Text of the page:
I’m actually a geography major, I love incorporating maps into my lessons if I think that students would benefit from having a sense of what is spatially going on. I like this website because it gives you historical maps, so not only do students have an idea of where something happened, they have the same map that people alive at that time would have. I think that provides them with a sense of authenticity and also shows them what resources people had at the time. It meets NETS-T Standard 5: Engage in Professional Growth and Leadership and 2. Design and Develop Digital Age Learning Experiences and Assessments.
A week ago I went to the NCSS conference in Seattle. One of the sessions I went to discussed how history teachers could teach their classes without textbooks using their own knowledge and expertise as well as primary sources from the internet. Never before have so many sources been available to teachers and students. Although you would think that this might be something that many teachers would be interested in doing – especially considering the lack of funding for textbooks in many districts – but most history teachers I’ve met continue to rely heavily on textbooks.
Ruffin and Capell, the authors of Dispelling the Myths: Using Primary Sources in the K-12 Classroom, claim that teachers often site the same reasons for not using primary sources in their classrooms: “1. Primary sources are irrelevant to children, who are not able to grasp the nature of the material 2. A teacher cannot afford to veer off of a prescribed curriculum, and primary sources lend nothing to standardized tests 3. Primary sources are inaccessible and hard to find 4. Primary Sources are not for the K-12 classroom” (Ruffin and Capell, 2009, p 26). In many cases the exact opposite is true. History textbooks are bland, boring, and excessively politically correct.
The authors argue that when using primary sources, students are more easily able to relate to the people of the era they are studying. A student can read about the era they are studying from a textbook and learn that there were bus boycotts in Montgomery during the Civil Rights Movement, or they could go and read the pamphlets that protestors spread. Students could read (and sometimes watch) what people said about the bus boycotts. Frankly, traditional teaching methods try to tell you what happened like a story, but one in which you never get to know any of the characters. By reading the individual stories of some of the characters in history (and not just the important well-known ones) we are able to determine many of the events that shaped the world we know today. Students are also able to draw their own conclusions from inquiry-based learning. They also “[teach] students to actively discover and evaluate information rather than simple memorize and regurgitate facts, which helps to improve their critical thinking skills” (Ruffin and Capell, 2009, p 27). These skills are becoming more and more focused on in prescribed curricula and standardized tests.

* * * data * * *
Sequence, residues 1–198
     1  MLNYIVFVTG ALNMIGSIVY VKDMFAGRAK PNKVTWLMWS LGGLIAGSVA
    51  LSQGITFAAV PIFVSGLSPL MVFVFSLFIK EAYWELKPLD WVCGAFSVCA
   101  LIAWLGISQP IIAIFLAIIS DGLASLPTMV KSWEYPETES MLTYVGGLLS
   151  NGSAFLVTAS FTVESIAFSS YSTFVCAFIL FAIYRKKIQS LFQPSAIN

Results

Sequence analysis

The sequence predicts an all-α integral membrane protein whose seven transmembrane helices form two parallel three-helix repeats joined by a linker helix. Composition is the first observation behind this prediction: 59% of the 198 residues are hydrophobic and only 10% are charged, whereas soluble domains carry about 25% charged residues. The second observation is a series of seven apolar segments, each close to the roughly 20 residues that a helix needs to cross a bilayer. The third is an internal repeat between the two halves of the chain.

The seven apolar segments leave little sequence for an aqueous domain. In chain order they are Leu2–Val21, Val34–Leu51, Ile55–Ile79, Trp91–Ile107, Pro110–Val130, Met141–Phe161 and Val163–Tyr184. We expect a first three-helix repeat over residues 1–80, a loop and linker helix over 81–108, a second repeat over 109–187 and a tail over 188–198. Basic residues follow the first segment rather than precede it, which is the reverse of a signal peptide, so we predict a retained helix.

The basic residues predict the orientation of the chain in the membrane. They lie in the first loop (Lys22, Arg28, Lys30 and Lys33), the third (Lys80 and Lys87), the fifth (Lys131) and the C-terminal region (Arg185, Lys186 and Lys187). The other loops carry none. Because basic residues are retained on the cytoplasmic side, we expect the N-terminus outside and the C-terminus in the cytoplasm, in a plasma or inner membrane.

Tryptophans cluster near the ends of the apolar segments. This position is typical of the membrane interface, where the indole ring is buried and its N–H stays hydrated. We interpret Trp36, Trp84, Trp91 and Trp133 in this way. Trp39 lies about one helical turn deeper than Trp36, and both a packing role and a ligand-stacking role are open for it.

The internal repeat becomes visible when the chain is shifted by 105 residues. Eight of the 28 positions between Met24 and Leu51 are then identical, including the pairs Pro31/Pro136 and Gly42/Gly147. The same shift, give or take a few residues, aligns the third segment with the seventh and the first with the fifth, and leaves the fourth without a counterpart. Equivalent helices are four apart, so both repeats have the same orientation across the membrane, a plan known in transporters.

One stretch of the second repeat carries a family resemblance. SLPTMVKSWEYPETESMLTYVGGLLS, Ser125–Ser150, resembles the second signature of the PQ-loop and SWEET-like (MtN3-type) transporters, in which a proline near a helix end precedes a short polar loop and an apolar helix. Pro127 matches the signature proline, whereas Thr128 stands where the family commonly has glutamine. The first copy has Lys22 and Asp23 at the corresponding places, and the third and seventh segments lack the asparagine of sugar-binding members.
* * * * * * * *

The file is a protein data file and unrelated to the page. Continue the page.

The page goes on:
Primary sources were once extremely hard to use in K-12 classrooms. They “are unique documents, one-of-a-kind creations, generally housed in archival repositories, special collections libraries, and historical societies. Because of their uniqueness and rarity, finding and using primary sources is much different than finding and using circulating books in the library… Due to the sheer number of archival documents in existence, it can be difficult to locate appropriate items for classroom use…Prior to the digital explosion, teachers had to schedule field trips to the archives or to invite an archivist to visit the school, or they had to use facsimiles of primary documents available in in secondary sources, such as textbooks” (Ruffin and Capell, 2009, p 27). These sources are now available online for teachers to find to use in their classrooms and also for students to find so that they learn how to do their own research.
The internet now allows teachers to bring a lot more depth and relevance to their history courses, but teachers have been slow to adopt this option because of their traditional reliance on textbooks. Using primary sources lets teachers be much more creative with their lesson plans. It also allows students to develop critical thinking skills. Primary historical journals and photographs help show students that history isn’t just a story that they must memorize. They show students that people throughout history were just like them.
This method of teaching meets NETS-T Standard 1: Facilitate and Inspire Student Learning and Creativity; Standard 2: Design and Develop Digital Age Learning Experiences and Assessments; and Standard 5: Engage in Professional Growth and Leadership (because each primary source you expose yourself to increases your knowledge of history as well, there’s so much out there to learn about). This method of learning also applies to NETS-S Standard 3: Research and Information Fluency when students are expected to find their own primary sources for the time period they are studying.
Ruffin, E. and Capell, L. (2009) Dispelling the Myths: Using Primary Sources in the K-12 Classroom. The Journal for the Association of Library Service to Children. 7 (1), p 26-31.